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Drilling Proccedure

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#1
Which way is the best to drill 4 holes for a radiator?

No think is only 2mm aluminum.

I tried on a steel case like armor.

When the hole opened and touched the behind of the screw i could see around that was steel from the hole i opened :S

any ideas?
 

sneekypeet

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#2
you mean when you drilled the case it left bits of metal on the inside of the holes?

You need to grind them off. A file, a dremmel, whatever you got, take them down smooth. A sharper drill bit at faster speeds should result in less burrs on the inside, but sometimes its inevitable.
 
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#3
yeah . theres no other way to NOT to this?


or on aluminum will not left bits of metal? because the armor case is thick steel
 
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sneekypeet

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#4
Steel is tougher and usually leaves the burrs more than aluminum will.
 

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#6
true, this is why I sugested a new drill bit (the sharper you have the less it will leave). Let the drill do the work, dont jam it through the steel, and it can be kept to a minimum.
 
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#7
i bought yesterday different thickness drill bits i got 2 4mm i think is the normal hole of 120mm fan. a quality drill works better than just a normal or not?
 

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#8
The drill itself isnt such a concesrn as a sharp bit;)

4mm bits are the exact diameter of the screws used, it may be tight getting them in.

Using a smaller drill as a pilot hole first may also eliminate the bits left on the second drilling.

Just take your time, and let the bit do the cutting; dont force it through, and you should be fine. Sometimes a slight wobble of the drill bit in the hole will "cut" those bits from underneath;)
 
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#9
when i used the screw of the fan without a screw driver the screw was inside already. no push no anything . the size is ok. you want to tell me just to use a new drill bit and just not force just let the drill do its work. done with that.

but what do u have to say if i tell u that i use new drill bit on the steel case?
but anyway i was using too much force on it.
if u dont use force it works?
 

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#10
yes the rule still applies. Steel or aluminum, either way.

If you let the bit sit and cut, it takes alot of smaller bits away. If you force it, the bit takes large cuts. When its forced in, the drill may not completely finish cutting before the bit plunges in, leaving the bits in the bottom. A bit of pressure is needed to make the bit stay in place, but as you get near the end of the hole, lessen the pressure and let the bit finish the job.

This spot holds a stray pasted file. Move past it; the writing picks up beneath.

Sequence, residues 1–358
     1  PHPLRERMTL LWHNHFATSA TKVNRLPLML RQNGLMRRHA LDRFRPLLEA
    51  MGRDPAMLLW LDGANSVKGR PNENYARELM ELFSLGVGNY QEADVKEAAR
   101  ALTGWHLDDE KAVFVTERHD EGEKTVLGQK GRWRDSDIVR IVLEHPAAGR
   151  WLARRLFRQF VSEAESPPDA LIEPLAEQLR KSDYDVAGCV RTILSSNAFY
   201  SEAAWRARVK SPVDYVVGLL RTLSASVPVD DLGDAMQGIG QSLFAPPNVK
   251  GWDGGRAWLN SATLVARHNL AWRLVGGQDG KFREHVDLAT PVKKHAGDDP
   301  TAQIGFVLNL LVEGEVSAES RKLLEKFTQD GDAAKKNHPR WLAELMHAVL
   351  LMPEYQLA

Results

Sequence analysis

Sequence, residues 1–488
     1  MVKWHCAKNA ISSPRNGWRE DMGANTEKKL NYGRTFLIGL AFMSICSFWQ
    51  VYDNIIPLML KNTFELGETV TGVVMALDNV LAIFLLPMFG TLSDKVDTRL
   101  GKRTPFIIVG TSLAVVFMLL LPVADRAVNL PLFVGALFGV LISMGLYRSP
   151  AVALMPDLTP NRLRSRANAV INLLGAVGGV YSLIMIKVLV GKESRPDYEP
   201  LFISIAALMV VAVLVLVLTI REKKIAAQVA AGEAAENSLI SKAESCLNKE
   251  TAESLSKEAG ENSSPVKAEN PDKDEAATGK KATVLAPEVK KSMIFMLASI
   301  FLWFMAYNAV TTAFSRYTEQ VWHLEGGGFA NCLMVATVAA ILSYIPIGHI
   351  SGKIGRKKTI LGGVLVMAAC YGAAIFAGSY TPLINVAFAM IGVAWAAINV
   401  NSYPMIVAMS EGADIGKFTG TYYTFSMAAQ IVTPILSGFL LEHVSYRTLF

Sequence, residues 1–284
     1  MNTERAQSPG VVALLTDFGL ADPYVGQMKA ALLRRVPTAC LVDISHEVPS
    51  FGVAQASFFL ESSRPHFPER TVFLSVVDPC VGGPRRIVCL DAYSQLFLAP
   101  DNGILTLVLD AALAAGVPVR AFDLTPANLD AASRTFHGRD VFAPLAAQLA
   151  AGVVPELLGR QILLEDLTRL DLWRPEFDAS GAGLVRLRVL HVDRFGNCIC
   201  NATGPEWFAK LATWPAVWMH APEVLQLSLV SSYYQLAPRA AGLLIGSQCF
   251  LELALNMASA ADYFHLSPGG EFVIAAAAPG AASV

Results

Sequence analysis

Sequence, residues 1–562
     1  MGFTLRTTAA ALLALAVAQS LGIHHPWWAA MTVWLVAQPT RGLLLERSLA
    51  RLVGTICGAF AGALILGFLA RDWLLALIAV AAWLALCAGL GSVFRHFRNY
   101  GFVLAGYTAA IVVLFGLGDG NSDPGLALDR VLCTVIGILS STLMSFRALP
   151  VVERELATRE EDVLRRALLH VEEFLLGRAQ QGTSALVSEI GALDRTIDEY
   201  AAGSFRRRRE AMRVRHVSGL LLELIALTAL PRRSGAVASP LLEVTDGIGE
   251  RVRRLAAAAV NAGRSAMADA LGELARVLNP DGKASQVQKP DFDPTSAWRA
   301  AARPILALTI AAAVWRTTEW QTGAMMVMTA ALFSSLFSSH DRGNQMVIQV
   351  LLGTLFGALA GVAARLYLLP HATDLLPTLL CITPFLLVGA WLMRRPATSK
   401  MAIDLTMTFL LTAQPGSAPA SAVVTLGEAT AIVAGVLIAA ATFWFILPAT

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#11
you can also use 2 sizes of drill bits
1 to drill the hole
second one thats larger to clean the drill hole, but not drill trough it, just to grind it
 
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#13
To make a CLEAN hole, you need to put a hard object behind the metal you are drilling. Example, get a small block of hardwood, or a spare block of aluminium and CLAMP it behind the metal you want to drill. It is the same with any material you want to drill... to stop wood splitting, you clamp another piece of wood behind the piece you are drilling. Same goes for metal. Use either hardwood, or a soft metal like aluminium behind the piece you are drilling. Remember to clamp it HARD and FAST so there isnt even a fraction of a millimetre of movement.

THEN, using a good quality drill (cheap drills cause a problem because they dont have the torque and can slow down or jam) and a sharp drill bit DESIGNED FOR THE MATERIAL YOU ARE DRILLING (dont use a wood drill bit, or stone drill bit, on metal. Buy the most expensive METAL drill bit you can afford).

Better if you can use a stand drill. http://images.google.co.uk/images?hl=en&source=hp&q=stand drill&um=1&ie=UTF-8&sa=N&tab=wi

You will have a perfect hole without burrs.

If for any reason there are slight burrs, get a bit mounted wire brush http://www.arro.ie/B-DX36040.jpg. Put it in the drill and now "brush" the wrong side of the hole. Now you really have a perfect hole.
 
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#14
there's nothing quite like practising it yourself though. we may give you all the advice you will ever need, but you have to try and see what works. yes, you WILL get burrs. yes, you might use the wrong size drill bit and get a bigger hole; it's all about doing and seeing the results. if you can practice on scrap metal and wood, then do it. the more confident you are in doing something the better the end result of what you're trying to achieve. good luck